Cuddly otters and foxes, colorful macaws, and man-eating cats, no, it’s not Halloween in I.V. , and you won’t want to get up close and friendly with all of these creatures. At the Santa Barbara Zoo, there are over 600 animals, 150 different species and, as the train speech goes, a couple hundred “fun loving, good looking, and extremely humble people.” As a member of the staff at the zoo, I cannot promise in the least to be impartial in this “escape.” However, I can promise to impart on you a bit of inside wisdom.

The zoo itself is actually tied in its history to UCSB. Back in the old days, before Del Playa, I.V. and Freebirds (when UCSB was actually in Santa Barbara), the land that became the zoo was the site of a UCSB fraternity. Lillian Child, the woman who owned the estate, found that she was not able to make full use of the land, and allowed several of the homeless men in the community to build a shanty town on the property. After her death in 1952, the city leased the land to UCSB, or Santa Barbara State College as it was called at the time. The mansion became a frat house, and may have resembledAnimal House as in the film.

The zoo is open every day from 10 a.m. to 5 p.m. I recommend that you come by on a weekday, because unlike some other parks that have reduced activities or staffing during the week, we run at full steam everyday. Lines to the train and food stands are shorter, and you do not have to share the viewing decks with as many people.

When you get to the zoo, there are a couple things that you absolutely must do before you leave, the most important of which is the train ride. A close second is the penguin feeding at 2:30 p.m most days.

If you like apes and monkeys, make sure to come to the zoo on Tuesdays, Wednesdays or Thursdays, when our two youngest and most active White-handed Gibbons, Eliot and Riley, are on exhibit. They are far more athletic than their parents and are a blast to watch. In addition to the gibbon exhibit, make sure to swing by the giraffe exhibit and check out the herd. Although our most famous inhabitant, Gemina, the crooked-neck giraffe, is no longer around, you can still get up and close to the rest of the herd by purchasing a giraffe feeding ticket. For four dollars, you can feed the giraffes. It will be the fastest four dollars you have ever spent and, yes, that includes Jager shots. However, it may possibly be the coolest four dollars you have ever spent. Check it out as an 18-inch tongue reaches out and wraps around your fingers only to steal the treat from between them. Goma and Kivu live in the Western Lowland Gorilla exhibit. The two silverback half-brothers from Buffalo, New York, are absolutely fascinating to watch. Their exhibit is equipped with a huge viewing window where you can get on the same ground as the brothers and greet them face-to-face.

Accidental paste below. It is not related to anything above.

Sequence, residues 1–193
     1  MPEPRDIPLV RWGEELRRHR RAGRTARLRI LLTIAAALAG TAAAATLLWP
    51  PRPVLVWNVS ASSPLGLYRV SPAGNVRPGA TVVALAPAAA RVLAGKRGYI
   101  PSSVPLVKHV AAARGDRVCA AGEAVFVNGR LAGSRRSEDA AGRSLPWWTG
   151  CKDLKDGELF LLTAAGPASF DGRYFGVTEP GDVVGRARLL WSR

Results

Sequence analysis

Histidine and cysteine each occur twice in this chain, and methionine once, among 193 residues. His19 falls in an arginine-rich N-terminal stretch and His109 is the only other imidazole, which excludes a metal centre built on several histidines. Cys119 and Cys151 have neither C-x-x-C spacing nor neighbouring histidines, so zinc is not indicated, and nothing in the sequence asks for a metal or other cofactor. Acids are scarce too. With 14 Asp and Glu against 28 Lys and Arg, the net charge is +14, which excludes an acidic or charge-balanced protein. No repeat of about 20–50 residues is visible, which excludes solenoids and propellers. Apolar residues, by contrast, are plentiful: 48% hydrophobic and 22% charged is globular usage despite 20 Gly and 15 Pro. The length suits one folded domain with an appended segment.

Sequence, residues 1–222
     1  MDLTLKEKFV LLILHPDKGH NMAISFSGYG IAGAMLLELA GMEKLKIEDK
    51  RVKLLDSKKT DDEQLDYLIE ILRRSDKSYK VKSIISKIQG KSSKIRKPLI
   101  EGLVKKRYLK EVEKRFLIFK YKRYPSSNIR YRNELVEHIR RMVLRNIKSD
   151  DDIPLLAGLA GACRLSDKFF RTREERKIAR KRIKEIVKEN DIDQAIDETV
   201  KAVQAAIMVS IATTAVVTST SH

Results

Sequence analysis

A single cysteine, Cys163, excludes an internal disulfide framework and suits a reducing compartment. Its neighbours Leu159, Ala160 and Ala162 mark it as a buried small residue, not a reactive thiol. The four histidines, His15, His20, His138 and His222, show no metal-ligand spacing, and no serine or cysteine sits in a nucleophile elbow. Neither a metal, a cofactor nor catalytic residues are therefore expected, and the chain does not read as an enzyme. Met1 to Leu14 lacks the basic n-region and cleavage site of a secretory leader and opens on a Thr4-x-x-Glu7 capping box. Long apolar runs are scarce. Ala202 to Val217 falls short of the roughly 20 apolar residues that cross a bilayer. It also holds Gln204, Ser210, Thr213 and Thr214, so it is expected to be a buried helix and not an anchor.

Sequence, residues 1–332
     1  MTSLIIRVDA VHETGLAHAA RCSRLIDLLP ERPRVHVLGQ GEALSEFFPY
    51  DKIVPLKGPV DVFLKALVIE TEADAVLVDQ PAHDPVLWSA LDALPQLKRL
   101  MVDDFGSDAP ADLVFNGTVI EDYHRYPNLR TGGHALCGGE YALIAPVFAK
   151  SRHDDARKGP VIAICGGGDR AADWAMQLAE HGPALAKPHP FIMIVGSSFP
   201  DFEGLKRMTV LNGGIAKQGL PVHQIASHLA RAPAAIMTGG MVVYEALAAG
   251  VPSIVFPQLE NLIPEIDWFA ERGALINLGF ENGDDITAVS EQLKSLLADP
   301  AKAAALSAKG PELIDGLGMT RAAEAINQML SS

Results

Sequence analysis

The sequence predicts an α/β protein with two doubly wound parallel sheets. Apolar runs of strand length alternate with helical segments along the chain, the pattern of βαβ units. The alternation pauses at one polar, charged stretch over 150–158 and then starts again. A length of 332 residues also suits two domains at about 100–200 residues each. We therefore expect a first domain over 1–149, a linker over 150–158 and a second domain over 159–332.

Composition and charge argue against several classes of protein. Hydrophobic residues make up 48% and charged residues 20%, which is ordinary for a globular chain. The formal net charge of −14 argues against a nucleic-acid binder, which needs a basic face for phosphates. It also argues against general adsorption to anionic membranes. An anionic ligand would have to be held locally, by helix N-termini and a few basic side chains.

Regardless of what path you take, make sure to come to the train station and say hello to your friendly neighborhood train driver. They will take you around the perimeter of the zoo and into the backstage areas, where you can view some of our off-exhibit areas, as well as get closer to a lion than you ever want to again. It’s just like the Jungle Cruise at Disneyland, except with actual animals.

Finally, as you leave the property, remember to poke your head into the admissions office and mention how your experience was, and maybe suggest that this train-driving columnist deserves a raise.